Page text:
Urachal neoplasms are uncommon and represent a minor portion of bladder tumors. According to the recently updated World Health Organization classification (2016), these tumors are classified as adenomas, adenocarcinomas, nonglandular neoplasms, and mixed carcinomas. The mucinous cystic neoplasms represent a small percentage of urachal tumors with morphologic spectrum ranging from benign mucinous cystadenoma to borderline mucinous cystic tumor of low malignant potential and to malignant mucinous cystadenocarcinoma...
November 6, 2018: Archives of Pathology & Laboratory Medicine
Adam L Booth, Matthew S Katz, Michael J Misialek, Timothy Craig Allen, Lija Joseph
CONTEXT.—: Pathologists evaluate human disease and teach medical students, residents, and clinicians. Historically recognized as the "doctor's doctor," pathologists are well suited to be a direct patient resource of individualized, accurate information. OBJECTIVE.—: To develop and implement a pathology consultation service whereby patients review their tissue slides directly with the pathologists. DESIGN.—: A pathologist conducted patient consultations, reviewing biopsy or surgery findings on a multiheaded microscope or computer screen...
November 6, 2018: Archives of Pathology & Laboratory Medicine
David J Gross, Mary Kennedy, Tarush Kothari, David O Scamurra, Myra L Wilkerson, James M Crawford, Michael B Cohen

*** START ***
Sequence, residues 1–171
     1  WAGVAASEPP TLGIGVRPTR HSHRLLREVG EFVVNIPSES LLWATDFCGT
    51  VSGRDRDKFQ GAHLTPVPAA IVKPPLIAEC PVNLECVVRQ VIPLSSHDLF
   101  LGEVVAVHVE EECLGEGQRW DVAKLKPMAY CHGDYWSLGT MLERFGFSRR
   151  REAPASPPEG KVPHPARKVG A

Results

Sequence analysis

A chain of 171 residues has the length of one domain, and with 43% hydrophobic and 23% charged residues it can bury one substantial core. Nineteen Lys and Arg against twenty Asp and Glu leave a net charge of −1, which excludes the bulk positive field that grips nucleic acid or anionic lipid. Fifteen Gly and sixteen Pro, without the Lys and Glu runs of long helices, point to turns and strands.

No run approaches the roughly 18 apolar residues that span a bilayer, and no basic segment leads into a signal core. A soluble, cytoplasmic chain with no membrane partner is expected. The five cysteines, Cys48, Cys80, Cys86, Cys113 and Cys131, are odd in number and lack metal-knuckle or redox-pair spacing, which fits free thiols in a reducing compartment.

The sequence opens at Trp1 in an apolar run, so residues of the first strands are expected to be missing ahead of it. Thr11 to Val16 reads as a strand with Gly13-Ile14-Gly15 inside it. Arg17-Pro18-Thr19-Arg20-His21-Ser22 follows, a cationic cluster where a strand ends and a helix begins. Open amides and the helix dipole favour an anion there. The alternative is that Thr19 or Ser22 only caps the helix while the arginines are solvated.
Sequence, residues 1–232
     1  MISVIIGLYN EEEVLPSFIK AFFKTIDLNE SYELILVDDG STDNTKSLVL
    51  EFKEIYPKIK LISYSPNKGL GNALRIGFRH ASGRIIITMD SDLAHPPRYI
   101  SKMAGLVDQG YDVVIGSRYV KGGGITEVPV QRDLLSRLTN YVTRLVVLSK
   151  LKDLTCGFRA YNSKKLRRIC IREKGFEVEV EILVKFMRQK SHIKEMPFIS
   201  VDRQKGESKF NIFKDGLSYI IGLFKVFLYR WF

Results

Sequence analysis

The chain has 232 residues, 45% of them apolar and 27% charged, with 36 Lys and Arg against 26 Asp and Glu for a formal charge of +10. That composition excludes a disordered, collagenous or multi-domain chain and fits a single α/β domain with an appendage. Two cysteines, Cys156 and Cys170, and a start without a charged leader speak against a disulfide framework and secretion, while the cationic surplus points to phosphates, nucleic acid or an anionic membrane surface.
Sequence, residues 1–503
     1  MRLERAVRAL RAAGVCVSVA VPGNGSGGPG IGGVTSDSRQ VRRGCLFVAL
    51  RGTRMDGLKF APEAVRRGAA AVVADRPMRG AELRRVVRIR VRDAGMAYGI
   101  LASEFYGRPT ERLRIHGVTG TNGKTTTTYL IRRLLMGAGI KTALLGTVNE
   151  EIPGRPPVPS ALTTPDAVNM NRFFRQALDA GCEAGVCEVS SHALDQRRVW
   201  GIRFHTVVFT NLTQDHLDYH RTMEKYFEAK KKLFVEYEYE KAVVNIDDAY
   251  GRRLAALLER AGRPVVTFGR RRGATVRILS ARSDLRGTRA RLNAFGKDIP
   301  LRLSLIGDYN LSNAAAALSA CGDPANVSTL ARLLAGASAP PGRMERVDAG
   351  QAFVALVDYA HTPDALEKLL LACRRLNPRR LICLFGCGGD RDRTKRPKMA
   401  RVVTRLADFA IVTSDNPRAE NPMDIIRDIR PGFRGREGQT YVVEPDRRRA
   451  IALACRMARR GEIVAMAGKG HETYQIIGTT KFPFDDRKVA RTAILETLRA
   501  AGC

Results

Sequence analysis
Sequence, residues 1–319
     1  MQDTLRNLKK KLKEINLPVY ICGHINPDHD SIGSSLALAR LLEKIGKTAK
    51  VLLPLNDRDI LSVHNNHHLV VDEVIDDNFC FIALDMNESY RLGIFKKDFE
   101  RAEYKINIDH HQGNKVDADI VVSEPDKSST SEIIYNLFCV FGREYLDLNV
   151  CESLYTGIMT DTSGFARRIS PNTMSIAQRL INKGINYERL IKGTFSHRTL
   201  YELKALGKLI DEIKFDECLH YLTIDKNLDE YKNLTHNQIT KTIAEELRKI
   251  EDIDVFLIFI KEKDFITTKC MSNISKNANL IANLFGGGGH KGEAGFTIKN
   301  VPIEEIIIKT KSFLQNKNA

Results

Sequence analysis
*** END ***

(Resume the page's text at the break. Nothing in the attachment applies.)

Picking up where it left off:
CONTEXT.—: As part of its Value-Based Care initiative, the College of American Pathologists has pursued research to better understand the role pathologists can have in population health. OBJECTIVES.—: To answer the following questions: (1) what is the impact of population health and population health management on pathologists; (2) what roles are pathologists playing in population health management; (3) is population health something that pathologists in both larger and smaller settings can engage in; (4) are pathologists in a position to analyze laboratory data for population health, and, if so, what are the key information sources those pathologists must access; and (5) what steps can a pathologist take to become involved in population health? DESIGN...
November 6, 2018: Archives of Pathology & Laboratory Medicine
Nicole K Andeen, Xiaoyu Qu, Tatjana Antic, Scott S Tykodi, Min Fang, Maria S Tretiakova
CONTEXT.—: Cytogenomic analysis provides a useful adjunct to traditional pathology in the categorization of renal cell carcinomas (RCCs), particularly in morphologically ambiguous cases, but it has disadvantages, including cost. OBJECTIVE.—: To define the clinical scenarios in which this technology has direct clinical applications. DESIGN.—: DNA was isolated from paraffin-embedded tissue from 40 selected cases of RCC. Chromosome genomic array testing was performed using the OncoScan...
November 1, 2018: Archives of Pathology & Laboratory Medicine
Cristiane M Ida, Patrick A Lundquist, Karen Weck, W Edward Highsmith
CONTEXT.—: The College of American Pathologists' proficiency testing program has been instrumental in identifying problems in clinical testing. OBJECTIVE.—: To describe how this program was used to identify a single-nucleotide polymorphism that affects clinical testing for spinocerebellar ataxia type 3. DESIGN.—: A proficiency testing sample with discordant results for spinocerebellar ataxia type 3 analysis was further evaluated by targeted Sanger sequencing and genotype polymerase chain reaction using multiple DNA polymerases...